2nd from top - Hermano Vidal Peruvian Elder; above - Indigenous Colombian Kogi Elder; 
Rt. Hopi Water Elder Ruben Saufkie
& Hopi Kachina & Medicine - Ruben's Clan

I have seen incense burners used in spiritual cleansing rituals, incense in a Catholic church, incense used in a Hindu temple, sage burned in a Native Indigenous ceremony, incense twirled down into Sand at the wooden entrance of a Japanese Dojo.  All take initiative to bring in the divine, signal a moving towards, a reaching out to the infinite; whether we cleanse the premises, make a space for our openings or welcome the spirit homeWatching smoke billow and hover over a room lofting up into the void creates a veil, a filling of intent made visible.  The smell lingers forming a silent quieting of the mind.  Like clouds hang low in damp cool air, unmoving and enveloping - this sacred peace, this space.  Deliciously, you consume the waft.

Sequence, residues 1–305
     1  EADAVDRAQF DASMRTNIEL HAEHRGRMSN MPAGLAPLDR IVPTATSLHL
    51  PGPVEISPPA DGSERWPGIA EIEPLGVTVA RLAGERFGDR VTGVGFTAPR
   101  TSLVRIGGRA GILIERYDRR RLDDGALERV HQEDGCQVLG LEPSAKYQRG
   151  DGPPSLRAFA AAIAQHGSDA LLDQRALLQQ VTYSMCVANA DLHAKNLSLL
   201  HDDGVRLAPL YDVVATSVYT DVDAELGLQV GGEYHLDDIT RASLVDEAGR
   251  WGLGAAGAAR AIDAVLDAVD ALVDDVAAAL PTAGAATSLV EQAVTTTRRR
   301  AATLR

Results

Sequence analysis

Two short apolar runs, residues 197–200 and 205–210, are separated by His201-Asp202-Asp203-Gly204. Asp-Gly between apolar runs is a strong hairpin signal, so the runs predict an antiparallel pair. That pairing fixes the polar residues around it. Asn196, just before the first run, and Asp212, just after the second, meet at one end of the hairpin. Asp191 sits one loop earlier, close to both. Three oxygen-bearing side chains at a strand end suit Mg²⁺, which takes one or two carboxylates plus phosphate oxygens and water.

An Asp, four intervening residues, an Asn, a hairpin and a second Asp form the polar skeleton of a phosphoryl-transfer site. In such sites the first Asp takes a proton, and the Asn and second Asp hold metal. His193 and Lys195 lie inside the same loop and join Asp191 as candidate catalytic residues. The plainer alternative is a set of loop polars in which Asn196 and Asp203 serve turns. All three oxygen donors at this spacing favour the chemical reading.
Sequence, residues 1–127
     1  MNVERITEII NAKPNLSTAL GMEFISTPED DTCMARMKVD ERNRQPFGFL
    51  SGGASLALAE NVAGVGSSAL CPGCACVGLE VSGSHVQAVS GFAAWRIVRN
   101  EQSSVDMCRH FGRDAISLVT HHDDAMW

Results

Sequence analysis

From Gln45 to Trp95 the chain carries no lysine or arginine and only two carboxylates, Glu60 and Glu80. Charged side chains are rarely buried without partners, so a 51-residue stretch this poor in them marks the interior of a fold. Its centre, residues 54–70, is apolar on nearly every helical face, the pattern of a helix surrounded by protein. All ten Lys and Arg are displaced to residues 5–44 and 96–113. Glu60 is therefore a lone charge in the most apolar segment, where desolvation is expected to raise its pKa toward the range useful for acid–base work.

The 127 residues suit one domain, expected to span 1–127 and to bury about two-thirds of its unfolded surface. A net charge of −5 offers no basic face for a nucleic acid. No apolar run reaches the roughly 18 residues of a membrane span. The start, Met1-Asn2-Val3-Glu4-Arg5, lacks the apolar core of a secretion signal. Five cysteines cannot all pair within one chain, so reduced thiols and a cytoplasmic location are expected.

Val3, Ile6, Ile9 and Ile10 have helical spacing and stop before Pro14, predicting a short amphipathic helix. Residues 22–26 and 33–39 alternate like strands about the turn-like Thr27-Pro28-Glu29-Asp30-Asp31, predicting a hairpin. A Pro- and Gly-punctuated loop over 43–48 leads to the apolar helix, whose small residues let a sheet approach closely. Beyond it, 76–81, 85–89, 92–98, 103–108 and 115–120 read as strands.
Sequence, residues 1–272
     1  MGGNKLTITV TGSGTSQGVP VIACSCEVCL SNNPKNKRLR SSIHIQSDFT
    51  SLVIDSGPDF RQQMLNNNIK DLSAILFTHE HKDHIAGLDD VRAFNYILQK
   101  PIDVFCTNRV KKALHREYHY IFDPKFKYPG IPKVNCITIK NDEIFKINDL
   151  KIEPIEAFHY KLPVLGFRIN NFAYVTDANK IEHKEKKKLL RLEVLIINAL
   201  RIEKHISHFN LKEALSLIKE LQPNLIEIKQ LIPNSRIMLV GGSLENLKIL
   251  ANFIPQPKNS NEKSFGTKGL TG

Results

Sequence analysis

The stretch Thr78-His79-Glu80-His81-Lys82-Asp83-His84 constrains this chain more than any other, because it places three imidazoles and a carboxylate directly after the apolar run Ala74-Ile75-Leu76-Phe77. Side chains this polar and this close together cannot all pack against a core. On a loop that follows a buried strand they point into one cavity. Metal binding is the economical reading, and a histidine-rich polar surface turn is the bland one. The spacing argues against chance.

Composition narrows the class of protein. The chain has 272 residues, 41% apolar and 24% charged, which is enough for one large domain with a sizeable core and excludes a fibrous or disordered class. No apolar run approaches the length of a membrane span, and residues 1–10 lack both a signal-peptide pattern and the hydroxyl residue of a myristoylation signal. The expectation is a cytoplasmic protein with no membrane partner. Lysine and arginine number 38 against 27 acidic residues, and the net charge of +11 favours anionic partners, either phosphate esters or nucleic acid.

We hear rattles, chants, bells, gongs, sacred incantations.  Since time immortal, recitations echoing our minds back into a present antiquity.

From the temple or from the hut, out past the courtyard, these clues signal that space has somehow changed, a space altered from the ordinary.  Now there is even a sensing this upon approach.  These intentions, these markers bring a stilling of the mind, a call to be present and participating fully, immersed in sounds and sensory intentions.  Bells and gongs ring, chanters sound, and I feel a communion, as if we witnessing together, now weave a community for the divine.       (Read an artlicle on the Art of "Smudging")                                     Mari MacEwen